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Thursday, February 24, 2005

Prairie Centre Policy Institute

I was invited today to a luncheon debate hosted by the Prairie Centre Policy Institute (which could probably be described as a Saskatchewan based conservative "think tank"), as a guest of a friend who knows of my interest in politics and reads the blog.

The debate, which was on the role of federalism in the Canadian economy, featured well known Saskatchewan entrepreneur Herb Pinder Jr. and left-leaning U of Sask professor Red Williams. Pinder's premise - that Canada has become a "country of mediocrity", due to our culture of entitlement, high taxation, equalization and politically motivated federal infiltration into provincial responsibilities - recieved no rebuttal at all from Williams, which I thought was odd. Instead, he devoted his portion of the debate to defending government involvement in the economy and weakly excusing the excesses by reminding everyone of just how darned hard a job it is to run everybody's lives.

There were a number of business leaders and provincial MLA's in attendance at the small gathering, including former SaskParty leader Elwin Hermanson, Ken Cheveldayoff, Ben Heppner and June Draud, who was seated beside me at our table. Prior to the serving of lunch, she described her frustration at how difficult it is to get a clear message from the SaskParty out through the media - unless the ideas are picked up by the governing NDP, who then get the press and the credit.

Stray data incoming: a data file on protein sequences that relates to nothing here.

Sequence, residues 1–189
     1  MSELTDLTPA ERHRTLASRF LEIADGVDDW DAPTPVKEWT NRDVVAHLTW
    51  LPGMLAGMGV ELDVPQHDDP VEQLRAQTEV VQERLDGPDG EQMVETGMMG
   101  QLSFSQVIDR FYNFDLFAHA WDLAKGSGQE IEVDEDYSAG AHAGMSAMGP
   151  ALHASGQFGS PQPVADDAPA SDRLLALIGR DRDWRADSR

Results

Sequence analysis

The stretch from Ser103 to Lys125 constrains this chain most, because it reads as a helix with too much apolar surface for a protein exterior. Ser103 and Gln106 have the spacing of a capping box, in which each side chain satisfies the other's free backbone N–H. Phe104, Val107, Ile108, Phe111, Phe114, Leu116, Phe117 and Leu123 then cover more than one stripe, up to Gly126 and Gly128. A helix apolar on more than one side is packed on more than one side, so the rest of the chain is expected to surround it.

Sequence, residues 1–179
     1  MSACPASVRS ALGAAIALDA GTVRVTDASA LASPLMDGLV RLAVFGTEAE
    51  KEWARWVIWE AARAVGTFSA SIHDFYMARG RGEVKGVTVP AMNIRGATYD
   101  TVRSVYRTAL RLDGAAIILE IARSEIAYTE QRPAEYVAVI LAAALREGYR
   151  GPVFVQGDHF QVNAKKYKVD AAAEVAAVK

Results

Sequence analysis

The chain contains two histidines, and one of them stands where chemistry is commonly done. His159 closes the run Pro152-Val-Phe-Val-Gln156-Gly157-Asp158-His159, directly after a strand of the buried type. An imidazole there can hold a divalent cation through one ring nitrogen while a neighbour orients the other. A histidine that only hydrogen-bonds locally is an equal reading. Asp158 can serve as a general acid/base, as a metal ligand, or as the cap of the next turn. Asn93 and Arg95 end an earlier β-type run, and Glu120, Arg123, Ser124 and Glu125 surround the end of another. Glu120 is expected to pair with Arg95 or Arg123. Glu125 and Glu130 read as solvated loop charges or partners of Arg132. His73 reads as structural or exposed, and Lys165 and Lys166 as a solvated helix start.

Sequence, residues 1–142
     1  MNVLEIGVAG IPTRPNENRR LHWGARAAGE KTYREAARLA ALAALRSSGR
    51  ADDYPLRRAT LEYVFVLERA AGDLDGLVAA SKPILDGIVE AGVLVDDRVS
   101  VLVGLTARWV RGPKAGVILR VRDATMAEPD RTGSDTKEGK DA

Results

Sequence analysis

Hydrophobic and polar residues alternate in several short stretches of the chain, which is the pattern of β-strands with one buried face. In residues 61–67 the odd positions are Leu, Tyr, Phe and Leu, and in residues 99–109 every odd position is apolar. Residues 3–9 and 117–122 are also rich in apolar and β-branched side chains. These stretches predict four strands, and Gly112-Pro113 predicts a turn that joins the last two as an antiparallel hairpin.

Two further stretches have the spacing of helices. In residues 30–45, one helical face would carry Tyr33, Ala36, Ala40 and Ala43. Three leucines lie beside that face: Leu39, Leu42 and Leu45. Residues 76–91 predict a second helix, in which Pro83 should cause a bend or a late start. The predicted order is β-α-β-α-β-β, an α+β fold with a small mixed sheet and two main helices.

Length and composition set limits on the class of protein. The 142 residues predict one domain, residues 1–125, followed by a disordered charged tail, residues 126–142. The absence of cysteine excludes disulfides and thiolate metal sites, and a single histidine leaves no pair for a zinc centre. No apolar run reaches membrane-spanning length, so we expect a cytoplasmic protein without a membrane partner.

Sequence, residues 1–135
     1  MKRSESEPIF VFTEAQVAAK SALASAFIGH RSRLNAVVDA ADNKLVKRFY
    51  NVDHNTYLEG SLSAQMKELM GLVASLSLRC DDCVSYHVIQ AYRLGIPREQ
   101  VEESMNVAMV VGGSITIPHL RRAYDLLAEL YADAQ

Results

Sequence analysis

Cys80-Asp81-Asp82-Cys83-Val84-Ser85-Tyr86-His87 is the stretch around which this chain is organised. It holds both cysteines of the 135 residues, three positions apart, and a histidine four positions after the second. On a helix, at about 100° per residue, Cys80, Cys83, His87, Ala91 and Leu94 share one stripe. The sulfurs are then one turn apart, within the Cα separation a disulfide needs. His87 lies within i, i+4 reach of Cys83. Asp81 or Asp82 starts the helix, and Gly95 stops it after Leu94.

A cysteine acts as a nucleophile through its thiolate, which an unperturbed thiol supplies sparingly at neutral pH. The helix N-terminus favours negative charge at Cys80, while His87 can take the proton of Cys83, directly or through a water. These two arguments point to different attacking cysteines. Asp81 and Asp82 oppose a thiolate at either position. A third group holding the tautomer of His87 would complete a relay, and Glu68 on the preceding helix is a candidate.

She also shared that small local newspapers have recieved threatening calls and subsequent withdrawel of government advertising for giving "too much space" to SaskParty media releases. My ears perked up. What bloggers couldn't do with a story like that.

In the short time available, I tried to explain to her the concept of the blogosphere and how it has become so powerful a force in the US. She seemed to be interested enough and asked if I had a card. I didn't. (An interesting notion, though - who has business cards for their blog?) Shortly afterwards, the speakers began so there wasn't enough time to go into things in more detail.

At the wrap-up, Pinder suggested that we take the ideas presented "back to the workplace, talk to your friends"...

Urgh. How.... 1980's.

When, oh when, are Canadian conservative parties going to wake up and realize that one of the most powerful tools for uniting conservative voices and bypassing the mainstream left-leaning press is already here, is proven to be both powerful and successful, is ridiculously inexpensive and right under their noses?

I dug up the address to the PCPI website from the back of a booklet they provided, entitled "Creating Wealth In Saskatchewan", with plans of linking to the info on the Pinder-Williams debate and adding the site to the permanent sidebar.

There was nothing there. The page hasn't been updated since Christmas.

I can't say that I was surprised.

Posted by Kate McMillan on February 24, 2005 in Canadian Provincial Politics | Permalink

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Comments

"Live as if the revolution has already happened..."

Blogs ARE Canada's defacto right wing political think tanks. Old people don't get it and won't. Their well-meaning organizations will die off and probably should.

Posted by: Kathy Shaidle | 2005-02-25 7:28:32 AM



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